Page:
Nate Ogden
Guest
Nate Ogden

I responded to Peter below with more info, its waiting moderation, it might or might not show up eventually. I don’t recall seeing you here before so I will point out that I am not an insurer, I am a payor so all your suggestions about conflicted motivations don’t apply. I have nothing to hide and strive to push transparency, if given the opportunity I would do away with PPOs alltogether as they no longer work. If I could get plans to do it I would go back to a simple schedule, Insurance will REIMBURSE you, the member, I want… Read more »

Margalit Gur-Arie
Guest

Nate, if you have more than 1 hyperlink, the response won’t show up. So maybe you repost it without the extra links and post those one by one.

I would like to see ONE insurer website where allowables are posted by provider…. I would also like to see pigs fly….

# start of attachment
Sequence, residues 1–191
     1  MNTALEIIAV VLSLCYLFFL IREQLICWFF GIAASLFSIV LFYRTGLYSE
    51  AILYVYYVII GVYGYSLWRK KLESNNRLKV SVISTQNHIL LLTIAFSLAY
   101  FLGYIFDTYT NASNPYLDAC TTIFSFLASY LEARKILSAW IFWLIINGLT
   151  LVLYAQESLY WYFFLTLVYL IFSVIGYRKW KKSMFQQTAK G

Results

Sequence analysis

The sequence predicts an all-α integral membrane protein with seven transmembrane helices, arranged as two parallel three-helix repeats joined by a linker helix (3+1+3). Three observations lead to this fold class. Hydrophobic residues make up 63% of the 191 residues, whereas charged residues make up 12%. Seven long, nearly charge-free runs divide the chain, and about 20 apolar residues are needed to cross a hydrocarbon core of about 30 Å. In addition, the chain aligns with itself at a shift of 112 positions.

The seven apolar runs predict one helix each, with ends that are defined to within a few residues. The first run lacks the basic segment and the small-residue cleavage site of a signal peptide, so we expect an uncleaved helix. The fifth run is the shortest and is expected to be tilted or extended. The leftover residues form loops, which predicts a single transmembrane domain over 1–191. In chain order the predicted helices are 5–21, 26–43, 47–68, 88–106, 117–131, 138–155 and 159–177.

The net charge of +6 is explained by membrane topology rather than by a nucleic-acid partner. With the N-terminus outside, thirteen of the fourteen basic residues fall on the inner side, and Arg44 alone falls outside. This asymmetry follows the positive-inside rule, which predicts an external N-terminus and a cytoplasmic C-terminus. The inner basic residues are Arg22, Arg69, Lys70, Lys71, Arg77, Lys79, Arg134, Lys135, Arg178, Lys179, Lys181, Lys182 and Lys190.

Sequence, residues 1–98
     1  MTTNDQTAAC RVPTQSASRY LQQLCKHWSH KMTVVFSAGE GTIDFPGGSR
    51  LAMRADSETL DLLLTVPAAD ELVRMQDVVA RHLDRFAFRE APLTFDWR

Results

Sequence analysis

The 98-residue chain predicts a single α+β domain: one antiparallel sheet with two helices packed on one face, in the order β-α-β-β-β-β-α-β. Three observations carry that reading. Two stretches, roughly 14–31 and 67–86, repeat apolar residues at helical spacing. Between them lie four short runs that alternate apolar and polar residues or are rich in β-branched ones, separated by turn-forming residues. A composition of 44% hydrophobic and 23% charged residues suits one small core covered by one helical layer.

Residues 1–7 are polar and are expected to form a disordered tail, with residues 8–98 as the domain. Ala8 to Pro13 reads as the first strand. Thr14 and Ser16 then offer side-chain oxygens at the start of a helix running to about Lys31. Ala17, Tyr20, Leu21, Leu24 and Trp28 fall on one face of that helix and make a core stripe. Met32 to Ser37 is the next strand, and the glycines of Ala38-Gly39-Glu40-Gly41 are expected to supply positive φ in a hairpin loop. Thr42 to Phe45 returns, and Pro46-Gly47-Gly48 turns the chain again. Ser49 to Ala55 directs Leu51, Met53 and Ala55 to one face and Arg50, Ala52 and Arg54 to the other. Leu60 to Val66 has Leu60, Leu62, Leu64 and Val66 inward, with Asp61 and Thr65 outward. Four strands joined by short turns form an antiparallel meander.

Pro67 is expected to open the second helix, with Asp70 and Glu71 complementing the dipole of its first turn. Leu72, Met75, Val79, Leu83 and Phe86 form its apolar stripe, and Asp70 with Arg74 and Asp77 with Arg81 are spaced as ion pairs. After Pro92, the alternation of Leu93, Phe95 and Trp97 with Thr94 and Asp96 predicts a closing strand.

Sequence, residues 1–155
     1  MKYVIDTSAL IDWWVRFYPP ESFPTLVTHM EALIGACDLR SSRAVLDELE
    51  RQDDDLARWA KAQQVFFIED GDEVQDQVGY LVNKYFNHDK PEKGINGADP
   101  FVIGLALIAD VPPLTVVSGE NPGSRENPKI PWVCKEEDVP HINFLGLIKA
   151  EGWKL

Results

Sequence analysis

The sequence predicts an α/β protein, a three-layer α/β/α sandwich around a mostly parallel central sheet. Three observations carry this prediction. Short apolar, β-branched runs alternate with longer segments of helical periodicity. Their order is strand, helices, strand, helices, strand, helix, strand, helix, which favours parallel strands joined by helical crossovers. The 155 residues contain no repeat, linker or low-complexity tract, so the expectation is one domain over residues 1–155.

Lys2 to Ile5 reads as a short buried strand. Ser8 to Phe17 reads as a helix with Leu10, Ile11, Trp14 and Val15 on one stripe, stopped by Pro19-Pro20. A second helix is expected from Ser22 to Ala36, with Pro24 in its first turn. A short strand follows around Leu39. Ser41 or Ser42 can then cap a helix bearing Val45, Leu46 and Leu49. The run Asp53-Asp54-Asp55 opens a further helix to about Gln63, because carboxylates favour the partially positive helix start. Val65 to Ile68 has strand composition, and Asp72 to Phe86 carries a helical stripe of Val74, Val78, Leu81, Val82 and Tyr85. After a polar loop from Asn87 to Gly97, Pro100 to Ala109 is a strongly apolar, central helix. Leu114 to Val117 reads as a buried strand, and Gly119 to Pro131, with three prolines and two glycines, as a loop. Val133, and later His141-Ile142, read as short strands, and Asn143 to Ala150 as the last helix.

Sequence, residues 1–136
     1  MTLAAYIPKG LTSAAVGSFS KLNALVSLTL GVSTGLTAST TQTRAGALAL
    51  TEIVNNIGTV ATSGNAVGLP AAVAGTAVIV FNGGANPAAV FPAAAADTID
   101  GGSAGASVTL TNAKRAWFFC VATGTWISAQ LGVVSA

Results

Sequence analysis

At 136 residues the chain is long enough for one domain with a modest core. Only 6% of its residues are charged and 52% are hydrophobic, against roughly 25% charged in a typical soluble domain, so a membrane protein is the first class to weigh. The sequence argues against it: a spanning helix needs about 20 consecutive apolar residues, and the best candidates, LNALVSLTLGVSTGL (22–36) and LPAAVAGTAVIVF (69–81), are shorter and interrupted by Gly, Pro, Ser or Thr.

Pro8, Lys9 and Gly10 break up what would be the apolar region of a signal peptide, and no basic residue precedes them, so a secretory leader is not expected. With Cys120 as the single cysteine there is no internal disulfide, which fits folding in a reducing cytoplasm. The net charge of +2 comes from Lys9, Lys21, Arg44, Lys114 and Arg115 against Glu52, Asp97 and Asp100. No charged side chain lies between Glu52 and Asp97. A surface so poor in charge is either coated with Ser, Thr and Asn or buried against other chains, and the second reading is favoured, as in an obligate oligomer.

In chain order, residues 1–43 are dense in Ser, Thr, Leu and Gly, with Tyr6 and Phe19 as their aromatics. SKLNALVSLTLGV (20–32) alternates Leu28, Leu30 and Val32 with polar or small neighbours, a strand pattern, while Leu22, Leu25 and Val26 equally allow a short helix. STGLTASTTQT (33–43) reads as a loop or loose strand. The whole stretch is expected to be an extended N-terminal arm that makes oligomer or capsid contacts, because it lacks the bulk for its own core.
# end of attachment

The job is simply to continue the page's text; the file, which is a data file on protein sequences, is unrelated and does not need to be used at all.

Alex Fair of FairCareMD
Guest

Mind if I tweet that M.? Very funny.

Nate Ogden
Guest
Nate Ogden

do you ever think through the consiquences of these Margalit? Are you really ready to give up bacon, let alone Bar-b-que? Summer just about to start and Margalit wants to see all the ribs fly away.

Our vision of a good america obviuosly differ:(

Nate Ogden
Guest
Nate Ogden
Nate Ogden
Guest
Nate Ogden

http://thinkift.com/products.html

I’m just surprised my comment sits in moderation so long, Matt usually loves to hear what I have to say….

Margalit Gur-Arie
Guest

Tweet away, Alex 🙂

Don’t care for bacon…I am more of the apple pie type….

Peter
Guest
Peter

What the “H” is that web site Nate? “Fable Vision” is that your web site? Link where, how, to what partner?

“I am giving it away for free”

Free?, with free trial, products to buy?

Nate Ogden
Guest
Nate Ogden

“You do? Do you? Who do? Where? Care to give us that web site Nate? Will that apply to all insurers?”

Yes Peter I spent millions and developed a website that discloses all insurance company allowables and I am giving it away for free. Please check it out at http://www.getaclue.com, let me know what you think.

To answer your question;

Yes
Yes again
I do
Linked to our partner through our website
No
No

Peter
Guest
Peter